After initiating Chapter 11 bankruptcy proceedings, Debtors entered into an Agreement: NextEra would acquire Debtors’ 80% interest in Oncor, the largest electricity transmission and distribution system in Texas, for approximately $9.5 billion. The Agreement obligated Debtors to pay NextEra $275 million if NextEra did not ultimately acquire Debtors’ interest in Oncor and Debtors either sold to someone else or otherwise emerged from bankruptcy, with several exceptions. If the Public Utility Commission of Texas (PUCT) did not approve the merger, payment would not be triggered if the Agreement was “terminated . . . by [NextEra] . . . and the receipt of PUCT Approval (without the imposition of a Burdensome Condition) [wa]s the only condition . . . not satisfied or waived in accordance with this Agreement.” About a year after approving the Agreement, and after PUCT expressed concern about the condition, the bankruptcy court granted a motion for reconsideration and disallowed the Termination Fee in the event that the PUCT declines to approve the transaction and, as a result, the agreement is terminated, regardless of whether the Debtors or NextEra subsequently terminates the agreement. Were it not for that order, NextEra would be entitled to the $275 million. The Third Circuit affirmed, rejecting NextEra’s arguments that the motion was untimely and, alternatively, that the motion should have been denied on the merits because the termination fee provision, as originally drafted, was an allowable administrative expense under 11 U.S.C. 503(b). View "In re: Energy Future Holdings" on Justia Law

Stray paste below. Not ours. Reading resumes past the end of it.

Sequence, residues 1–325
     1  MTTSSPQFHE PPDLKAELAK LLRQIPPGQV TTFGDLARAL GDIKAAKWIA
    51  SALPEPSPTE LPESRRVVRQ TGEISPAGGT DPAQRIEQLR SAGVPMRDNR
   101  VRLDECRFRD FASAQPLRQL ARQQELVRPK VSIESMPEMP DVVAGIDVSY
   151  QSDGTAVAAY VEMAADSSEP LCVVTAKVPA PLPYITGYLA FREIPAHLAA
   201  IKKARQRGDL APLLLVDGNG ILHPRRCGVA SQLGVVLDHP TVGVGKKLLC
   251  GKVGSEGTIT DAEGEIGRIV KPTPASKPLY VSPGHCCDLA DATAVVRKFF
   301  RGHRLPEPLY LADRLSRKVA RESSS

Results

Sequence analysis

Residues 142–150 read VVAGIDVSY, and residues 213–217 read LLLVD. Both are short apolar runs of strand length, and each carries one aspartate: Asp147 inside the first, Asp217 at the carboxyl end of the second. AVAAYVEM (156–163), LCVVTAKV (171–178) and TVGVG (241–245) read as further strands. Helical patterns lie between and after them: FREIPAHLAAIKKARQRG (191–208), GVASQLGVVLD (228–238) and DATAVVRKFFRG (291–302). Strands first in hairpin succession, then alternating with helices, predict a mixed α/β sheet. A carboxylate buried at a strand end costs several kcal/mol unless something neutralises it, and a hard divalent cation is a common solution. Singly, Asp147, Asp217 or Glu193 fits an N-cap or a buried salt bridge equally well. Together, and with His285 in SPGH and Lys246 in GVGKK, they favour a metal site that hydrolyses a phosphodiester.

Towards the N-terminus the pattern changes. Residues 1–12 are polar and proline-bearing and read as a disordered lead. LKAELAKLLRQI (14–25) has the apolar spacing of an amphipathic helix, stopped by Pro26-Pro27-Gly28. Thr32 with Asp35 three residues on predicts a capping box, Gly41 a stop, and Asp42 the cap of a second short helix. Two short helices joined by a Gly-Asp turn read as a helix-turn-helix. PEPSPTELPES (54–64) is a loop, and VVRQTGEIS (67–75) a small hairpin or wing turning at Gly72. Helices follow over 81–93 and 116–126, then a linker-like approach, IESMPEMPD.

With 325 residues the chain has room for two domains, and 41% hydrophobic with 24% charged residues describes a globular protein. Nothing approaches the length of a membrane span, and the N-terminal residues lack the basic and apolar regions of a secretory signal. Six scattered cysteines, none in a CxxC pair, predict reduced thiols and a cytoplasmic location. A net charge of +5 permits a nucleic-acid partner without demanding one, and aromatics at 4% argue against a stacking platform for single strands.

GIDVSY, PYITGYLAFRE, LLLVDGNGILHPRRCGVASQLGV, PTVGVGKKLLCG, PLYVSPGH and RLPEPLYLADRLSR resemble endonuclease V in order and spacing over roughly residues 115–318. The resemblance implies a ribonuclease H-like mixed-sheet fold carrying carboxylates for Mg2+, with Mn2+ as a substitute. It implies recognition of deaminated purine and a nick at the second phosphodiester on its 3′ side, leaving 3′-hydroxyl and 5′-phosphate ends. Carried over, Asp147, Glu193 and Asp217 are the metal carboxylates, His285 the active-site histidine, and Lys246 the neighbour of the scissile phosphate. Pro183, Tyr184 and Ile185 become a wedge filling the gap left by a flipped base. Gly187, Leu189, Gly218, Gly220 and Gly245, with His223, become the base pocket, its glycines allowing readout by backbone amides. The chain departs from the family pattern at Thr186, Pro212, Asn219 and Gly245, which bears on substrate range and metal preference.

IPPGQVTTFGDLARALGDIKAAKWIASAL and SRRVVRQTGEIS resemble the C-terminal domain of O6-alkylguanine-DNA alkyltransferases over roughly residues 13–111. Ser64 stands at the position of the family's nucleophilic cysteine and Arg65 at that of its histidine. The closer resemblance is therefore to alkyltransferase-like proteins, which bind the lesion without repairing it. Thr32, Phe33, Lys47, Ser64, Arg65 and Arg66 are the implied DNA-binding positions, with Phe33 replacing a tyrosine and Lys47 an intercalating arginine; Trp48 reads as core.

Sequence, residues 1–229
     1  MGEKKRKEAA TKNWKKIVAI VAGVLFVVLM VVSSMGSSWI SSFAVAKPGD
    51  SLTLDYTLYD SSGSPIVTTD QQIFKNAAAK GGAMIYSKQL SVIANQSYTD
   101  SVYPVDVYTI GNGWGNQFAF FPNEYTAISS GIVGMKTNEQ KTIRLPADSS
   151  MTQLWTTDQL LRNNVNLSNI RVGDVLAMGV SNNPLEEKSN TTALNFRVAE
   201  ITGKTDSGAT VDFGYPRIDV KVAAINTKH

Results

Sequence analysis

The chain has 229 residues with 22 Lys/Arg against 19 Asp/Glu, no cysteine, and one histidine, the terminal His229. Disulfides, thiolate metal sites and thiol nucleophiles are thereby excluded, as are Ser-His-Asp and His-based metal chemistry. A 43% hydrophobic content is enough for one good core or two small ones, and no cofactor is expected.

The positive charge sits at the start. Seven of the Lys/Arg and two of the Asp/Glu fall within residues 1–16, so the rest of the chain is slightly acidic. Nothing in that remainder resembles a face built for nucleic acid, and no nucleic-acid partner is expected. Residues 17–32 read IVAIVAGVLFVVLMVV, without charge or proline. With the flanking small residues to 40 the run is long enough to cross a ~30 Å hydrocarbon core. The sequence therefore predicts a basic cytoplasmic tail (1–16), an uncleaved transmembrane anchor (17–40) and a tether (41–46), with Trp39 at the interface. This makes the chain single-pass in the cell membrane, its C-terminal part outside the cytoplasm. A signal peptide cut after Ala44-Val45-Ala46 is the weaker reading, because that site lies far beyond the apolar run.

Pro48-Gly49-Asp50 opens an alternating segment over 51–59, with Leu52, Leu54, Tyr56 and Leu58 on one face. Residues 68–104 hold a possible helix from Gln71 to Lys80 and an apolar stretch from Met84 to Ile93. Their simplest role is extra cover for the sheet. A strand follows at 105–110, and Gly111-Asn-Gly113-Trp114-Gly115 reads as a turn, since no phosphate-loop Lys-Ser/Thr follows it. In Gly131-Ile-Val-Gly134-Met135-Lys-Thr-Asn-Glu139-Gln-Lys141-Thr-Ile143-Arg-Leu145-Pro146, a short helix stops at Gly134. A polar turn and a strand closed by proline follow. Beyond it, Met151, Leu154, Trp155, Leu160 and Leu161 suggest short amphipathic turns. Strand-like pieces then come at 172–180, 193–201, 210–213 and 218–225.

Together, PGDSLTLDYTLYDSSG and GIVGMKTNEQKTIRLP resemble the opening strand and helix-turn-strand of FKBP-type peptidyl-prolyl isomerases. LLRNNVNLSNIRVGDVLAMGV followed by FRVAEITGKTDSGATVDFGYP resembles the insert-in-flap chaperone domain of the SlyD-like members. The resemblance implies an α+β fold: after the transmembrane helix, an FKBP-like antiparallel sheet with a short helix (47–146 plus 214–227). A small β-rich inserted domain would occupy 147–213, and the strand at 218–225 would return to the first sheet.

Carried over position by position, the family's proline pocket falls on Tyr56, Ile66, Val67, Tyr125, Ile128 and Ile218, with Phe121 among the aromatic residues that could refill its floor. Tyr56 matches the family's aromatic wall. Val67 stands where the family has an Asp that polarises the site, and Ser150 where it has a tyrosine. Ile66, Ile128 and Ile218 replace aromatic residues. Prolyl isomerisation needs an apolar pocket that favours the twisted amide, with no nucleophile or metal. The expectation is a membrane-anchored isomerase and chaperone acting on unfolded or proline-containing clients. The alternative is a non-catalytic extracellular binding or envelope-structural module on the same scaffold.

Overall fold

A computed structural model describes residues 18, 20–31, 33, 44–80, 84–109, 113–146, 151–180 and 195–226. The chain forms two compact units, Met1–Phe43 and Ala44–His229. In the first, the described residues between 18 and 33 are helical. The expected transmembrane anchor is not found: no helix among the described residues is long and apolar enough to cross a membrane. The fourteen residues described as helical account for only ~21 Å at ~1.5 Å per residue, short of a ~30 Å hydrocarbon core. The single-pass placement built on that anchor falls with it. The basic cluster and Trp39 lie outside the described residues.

Lyda v. City of Detroit